The Green Economy and Race: Another Side of Farmers' Markets

They empower shoppers to express their dissatisfaction with food production as it is now. By "voting with their dollars," customers can put pressure on Corporate America, by taking business away from it.
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Farmers' markets, a mainstay in several cities and towns, are meant to provide fresh -- and often local -- organic products, while re-establishing direct connections between communities and the people who produce food. By so doing, the markets are expected to create alternative food systems that prioritize issues of health, sustainability, and justice in addition to traditional market mechanisms. They empower shoppers to express their dissatisfaction with food production as it is now. By "voting with their dollars," customers can put pressure on Corporate America, by taking business away from it. The increasing presence of organic and local products in supermarkets and big box stores seems to indicate that large companies are in fact very sensitive to signals coming from their client base. At the same time, individual consumers who share the same practices and ideals can establish forms of community interaction to achieve their shared goals. Their engagement can range from shopping at farmers markets to participating in volunteer activities, or social and political mobilization.

Farmers' markets focus on products that embody social and environmental values that are supposed to move beyond the mere question of price. From this point of view, they are part of a growing "green economy," a sector including environmental friendly and socially responsible goods and services. However, despite the declared goals, the green economy still operates within a neoliberal approach that envisions the market and its mechanisms as the best way for society to determine its priorities and bring about change. Farmers' markets thrive within the framework of economic structures which require producers to ensure financial viability to their enterprise, expand their potential customers, and operate within legal and administrative systems that are shaped by political and social negotiations at the local, national, and even international levels.

The analysis of these contradictions and the shift of political and social responsibility from citizens to consumers are at the core of Alison Hope Alkon's book, Black, White, and Green: Farmers Markets, Race, and the Green Economy. Alkon conducted research in two markets in the San Francisco Bay area: North Berkeley, predominantly white, and West Oakland, a historically black neighborhood. The two markets have distinct missions and the customers differ in social status and income. As a result, the farmers who sell at the markets have very different approaches to business and community building. Through conversations, interviews, and her own participation in the markets' activities, Alkon points the difference between the two environments. She notes that health, quality, and the environment are the most important motivations for the North Berkeley patrons, who are willing to pay a premium in order to support the merchants and the structure that they believe can advance these goals. On the other hand, those involved with the now closed West Oakland Market embraced sustainability, not necessarily as a goal per se, but rather as a tool to enhance the well-being of the neighborhood where the market was located and the community that patronized it. Furthermore, price was an issue for many of the shoppers and, as a consequence, for farmers that wanted to establish a viable business.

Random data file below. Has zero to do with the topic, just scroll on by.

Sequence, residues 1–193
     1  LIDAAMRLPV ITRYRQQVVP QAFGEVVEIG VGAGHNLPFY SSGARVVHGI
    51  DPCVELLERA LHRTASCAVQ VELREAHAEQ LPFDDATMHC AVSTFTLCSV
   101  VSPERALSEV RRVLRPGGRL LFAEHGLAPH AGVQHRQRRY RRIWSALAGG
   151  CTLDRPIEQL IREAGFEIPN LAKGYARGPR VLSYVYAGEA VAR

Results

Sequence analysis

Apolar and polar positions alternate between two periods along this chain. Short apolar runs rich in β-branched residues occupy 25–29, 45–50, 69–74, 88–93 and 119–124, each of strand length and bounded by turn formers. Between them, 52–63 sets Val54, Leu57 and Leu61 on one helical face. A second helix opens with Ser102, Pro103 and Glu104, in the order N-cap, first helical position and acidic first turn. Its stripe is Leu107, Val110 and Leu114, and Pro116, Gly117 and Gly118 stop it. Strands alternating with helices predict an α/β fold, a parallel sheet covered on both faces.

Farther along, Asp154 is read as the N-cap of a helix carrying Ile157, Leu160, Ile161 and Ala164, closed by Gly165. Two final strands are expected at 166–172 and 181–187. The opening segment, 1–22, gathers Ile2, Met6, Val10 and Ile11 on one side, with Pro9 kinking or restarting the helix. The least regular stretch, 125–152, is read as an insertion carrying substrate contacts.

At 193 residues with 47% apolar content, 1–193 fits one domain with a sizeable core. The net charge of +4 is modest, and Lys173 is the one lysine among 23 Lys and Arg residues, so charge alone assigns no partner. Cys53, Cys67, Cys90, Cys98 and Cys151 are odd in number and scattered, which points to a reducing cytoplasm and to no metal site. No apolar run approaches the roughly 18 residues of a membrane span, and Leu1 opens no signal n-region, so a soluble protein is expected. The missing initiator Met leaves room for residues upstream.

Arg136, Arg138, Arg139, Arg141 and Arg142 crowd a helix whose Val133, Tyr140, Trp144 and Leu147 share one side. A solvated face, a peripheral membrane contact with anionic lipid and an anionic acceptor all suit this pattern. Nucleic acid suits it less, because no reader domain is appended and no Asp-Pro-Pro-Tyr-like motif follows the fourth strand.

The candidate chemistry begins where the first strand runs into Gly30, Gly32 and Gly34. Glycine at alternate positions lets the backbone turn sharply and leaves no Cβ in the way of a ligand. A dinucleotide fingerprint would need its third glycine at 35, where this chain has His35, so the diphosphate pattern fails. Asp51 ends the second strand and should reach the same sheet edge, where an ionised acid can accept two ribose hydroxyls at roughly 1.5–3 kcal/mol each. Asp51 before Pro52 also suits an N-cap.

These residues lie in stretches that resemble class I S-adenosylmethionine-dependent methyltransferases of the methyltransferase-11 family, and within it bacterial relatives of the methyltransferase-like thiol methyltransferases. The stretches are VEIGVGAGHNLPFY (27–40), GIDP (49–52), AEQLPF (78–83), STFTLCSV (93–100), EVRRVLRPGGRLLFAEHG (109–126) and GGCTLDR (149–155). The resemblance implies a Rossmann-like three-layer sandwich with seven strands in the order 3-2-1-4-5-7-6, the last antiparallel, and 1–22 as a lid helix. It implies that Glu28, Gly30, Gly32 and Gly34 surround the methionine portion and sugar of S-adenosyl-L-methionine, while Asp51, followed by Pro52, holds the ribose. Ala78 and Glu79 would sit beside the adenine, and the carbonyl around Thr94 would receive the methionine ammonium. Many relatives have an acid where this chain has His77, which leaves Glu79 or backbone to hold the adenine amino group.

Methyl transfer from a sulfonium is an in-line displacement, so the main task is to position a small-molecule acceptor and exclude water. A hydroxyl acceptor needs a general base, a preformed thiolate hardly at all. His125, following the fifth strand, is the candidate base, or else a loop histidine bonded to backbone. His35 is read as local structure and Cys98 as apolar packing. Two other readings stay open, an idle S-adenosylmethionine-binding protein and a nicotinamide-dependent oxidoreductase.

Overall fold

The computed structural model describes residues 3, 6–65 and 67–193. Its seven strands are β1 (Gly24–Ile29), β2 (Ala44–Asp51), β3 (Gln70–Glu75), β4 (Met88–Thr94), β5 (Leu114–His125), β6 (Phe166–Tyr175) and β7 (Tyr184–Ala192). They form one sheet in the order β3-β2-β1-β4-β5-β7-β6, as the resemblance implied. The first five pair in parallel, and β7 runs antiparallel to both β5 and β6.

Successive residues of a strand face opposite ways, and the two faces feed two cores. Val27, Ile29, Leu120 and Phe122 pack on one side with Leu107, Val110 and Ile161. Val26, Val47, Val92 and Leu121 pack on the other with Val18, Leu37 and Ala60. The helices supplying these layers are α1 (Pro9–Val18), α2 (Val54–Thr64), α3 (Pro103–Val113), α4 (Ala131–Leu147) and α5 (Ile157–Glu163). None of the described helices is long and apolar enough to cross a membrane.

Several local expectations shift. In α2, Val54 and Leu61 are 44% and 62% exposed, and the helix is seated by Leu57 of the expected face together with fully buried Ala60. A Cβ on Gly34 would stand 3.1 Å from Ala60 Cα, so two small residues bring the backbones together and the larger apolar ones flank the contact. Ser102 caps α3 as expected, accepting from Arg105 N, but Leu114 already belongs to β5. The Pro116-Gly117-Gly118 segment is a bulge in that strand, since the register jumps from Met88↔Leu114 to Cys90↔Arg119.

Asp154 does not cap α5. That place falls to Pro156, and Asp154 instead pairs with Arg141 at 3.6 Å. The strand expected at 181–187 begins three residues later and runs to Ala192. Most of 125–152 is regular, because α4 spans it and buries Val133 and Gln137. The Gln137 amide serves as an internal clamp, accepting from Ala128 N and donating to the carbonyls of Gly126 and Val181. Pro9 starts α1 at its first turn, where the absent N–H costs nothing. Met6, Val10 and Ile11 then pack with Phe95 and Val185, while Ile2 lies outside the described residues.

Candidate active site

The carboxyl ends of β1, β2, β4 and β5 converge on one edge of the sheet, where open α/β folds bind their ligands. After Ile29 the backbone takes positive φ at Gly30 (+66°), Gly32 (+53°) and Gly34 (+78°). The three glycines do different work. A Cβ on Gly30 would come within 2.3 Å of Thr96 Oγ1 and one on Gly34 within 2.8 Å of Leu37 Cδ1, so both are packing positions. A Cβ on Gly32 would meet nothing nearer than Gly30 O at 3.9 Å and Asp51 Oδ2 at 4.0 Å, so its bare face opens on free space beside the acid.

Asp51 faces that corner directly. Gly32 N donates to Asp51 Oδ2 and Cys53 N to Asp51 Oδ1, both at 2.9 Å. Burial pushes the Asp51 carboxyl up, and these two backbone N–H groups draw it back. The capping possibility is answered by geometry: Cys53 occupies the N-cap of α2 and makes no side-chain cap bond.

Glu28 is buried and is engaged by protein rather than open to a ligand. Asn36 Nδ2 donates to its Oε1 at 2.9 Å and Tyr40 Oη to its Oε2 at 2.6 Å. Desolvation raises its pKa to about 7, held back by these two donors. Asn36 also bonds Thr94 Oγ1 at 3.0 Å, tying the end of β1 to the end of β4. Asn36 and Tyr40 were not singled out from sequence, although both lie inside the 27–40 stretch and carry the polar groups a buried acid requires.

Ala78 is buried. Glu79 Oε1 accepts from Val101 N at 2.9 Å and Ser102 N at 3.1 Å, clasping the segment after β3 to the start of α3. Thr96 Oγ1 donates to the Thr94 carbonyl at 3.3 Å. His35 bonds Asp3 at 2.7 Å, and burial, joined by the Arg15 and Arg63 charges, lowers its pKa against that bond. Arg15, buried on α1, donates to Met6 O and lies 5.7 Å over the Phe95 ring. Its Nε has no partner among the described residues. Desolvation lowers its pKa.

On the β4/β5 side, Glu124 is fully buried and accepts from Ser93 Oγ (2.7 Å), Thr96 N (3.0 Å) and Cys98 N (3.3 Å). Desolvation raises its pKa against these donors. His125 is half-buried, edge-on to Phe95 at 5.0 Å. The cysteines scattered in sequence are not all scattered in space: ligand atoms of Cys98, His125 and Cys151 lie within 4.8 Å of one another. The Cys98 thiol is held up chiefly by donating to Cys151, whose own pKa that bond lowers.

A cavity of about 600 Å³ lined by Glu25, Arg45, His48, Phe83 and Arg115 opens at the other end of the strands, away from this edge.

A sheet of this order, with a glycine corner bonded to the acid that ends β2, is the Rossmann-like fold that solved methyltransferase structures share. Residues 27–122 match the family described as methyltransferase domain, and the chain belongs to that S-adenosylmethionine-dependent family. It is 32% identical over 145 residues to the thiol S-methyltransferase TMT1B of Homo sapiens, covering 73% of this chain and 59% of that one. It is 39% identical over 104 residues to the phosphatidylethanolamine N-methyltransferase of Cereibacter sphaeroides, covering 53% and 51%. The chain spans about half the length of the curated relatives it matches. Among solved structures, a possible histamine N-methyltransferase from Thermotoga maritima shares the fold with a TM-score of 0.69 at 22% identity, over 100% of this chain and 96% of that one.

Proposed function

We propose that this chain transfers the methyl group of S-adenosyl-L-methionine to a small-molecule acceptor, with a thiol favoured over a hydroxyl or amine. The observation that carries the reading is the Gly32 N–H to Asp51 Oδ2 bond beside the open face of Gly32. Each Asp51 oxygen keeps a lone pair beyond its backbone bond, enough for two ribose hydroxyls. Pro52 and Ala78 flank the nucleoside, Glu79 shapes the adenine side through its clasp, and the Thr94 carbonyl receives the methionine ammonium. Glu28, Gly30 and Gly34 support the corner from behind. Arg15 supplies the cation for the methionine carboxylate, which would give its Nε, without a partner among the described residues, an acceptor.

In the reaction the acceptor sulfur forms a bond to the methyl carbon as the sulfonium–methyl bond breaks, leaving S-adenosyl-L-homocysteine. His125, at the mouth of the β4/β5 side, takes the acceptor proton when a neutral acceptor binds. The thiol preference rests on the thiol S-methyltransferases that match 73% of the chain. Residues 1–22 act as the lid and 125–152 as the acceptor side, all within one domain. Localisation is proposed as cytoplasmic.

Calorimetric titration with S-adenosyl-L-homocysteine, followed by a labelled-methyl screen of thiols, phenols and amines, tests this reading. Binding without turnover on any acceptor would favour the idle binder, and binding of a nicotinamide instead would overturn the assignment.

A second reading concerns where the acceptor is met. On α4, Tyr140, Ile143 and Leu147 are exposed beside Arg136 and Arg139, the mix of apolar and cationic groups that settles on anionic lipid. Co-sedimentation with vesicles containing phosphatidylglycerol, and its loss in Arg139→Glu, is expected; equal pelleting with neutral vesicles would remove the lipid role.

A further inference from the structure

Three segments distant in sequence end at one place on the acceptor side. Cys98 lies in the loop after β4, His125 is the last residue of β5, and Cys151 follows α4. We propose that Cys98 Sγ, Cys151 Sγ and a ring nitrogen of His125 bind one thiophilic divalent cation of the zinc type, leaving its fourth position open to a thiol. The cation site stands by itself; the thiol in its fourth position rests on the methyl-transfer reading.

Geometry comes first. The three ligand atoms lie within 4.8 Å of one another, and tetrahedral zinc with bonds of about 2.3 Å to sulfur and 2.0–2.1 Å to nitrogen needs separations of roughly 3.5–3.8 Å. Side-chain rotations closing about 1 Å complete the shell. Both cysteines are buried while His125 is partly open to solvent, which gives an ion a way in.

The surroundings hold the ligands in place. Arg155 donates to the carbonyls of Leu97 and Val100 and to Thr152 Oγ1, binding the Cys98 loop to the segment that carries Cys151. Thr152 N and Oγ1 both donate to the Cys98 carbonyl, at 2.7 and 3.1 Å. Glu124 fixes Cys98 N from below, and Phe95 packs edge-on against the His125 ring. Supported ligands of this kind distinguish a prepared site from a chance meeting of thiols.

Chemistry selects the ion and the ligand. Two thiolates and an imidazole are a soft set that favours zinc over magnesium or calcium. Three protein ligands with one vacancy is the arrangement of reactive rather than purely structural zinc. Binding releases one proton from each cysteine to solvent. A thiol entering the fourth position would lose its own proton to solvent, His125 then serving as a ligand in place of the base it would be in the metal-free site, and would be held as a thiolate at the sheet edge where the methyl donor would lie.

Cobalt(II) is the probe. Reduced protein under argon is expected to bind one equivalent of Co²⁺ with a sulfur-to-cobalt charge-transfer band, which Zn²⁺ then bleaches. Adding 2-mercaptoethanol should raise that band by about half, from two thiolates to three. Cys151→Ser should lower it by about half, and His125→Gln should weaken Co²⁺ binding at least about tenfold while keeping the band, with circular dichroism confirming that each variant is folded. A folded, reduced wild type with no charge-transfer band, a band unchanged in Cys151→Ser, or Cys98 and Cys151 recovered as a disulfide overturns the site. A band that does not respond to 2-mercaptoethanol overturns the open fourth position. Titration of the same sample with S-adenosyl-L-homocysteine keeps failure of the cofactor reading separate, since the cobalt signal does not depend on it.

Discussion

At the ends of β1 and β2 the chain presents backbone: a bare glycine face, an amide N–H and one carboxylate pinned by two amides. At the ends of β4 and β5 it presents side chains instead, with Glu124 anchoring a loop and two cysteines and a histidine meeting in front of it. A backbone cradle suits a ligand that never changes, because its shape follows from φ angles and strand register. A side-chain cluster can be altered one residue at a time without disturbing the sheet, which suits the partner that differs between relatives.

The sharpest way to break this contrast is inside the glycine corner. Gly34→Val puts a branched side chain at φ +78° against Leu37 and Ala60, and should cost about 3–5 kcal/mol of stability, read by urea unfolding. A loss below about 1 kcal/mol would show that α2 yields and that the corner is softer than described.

The contrast between the two markets reminds us of the fact that not everybody has the financial means to buy high-quality, local, and organic products. Consequently, price becomes a discriminant in terms of choices and preferences. More attention needs to be paid to issues of social justice, marginalization, and access, which cannot be reduced to the phenomenon of "food deserts," a term resented by many activists who interpret it as reflective of an approach that perpetuates biases and preconceptions against low-income communities. The establishment of alternative food systems is not sufficient if large sections of the population risk to be excluded from them. Also far-reaching political interventions to regulate food business and industrial-style agriculture are necessary, requiring consumers to act as citizens and take advantage of all the instruments of participation available in a democracy.

Alkon ends her book with a few examples of campaigns born out of the green economy that have tried to impact political issues, including recent urban-based Farm Bill advocacy, the growth of green jobs, and the prevention of farm animal cruelty. The author, who will discuss her research at the New School on March 5, 2013, reminds us that things can change -- as long as we keep on asking ourselves who is producing our food, who is selling it, who is able to buy what and, ultimately, who gains.

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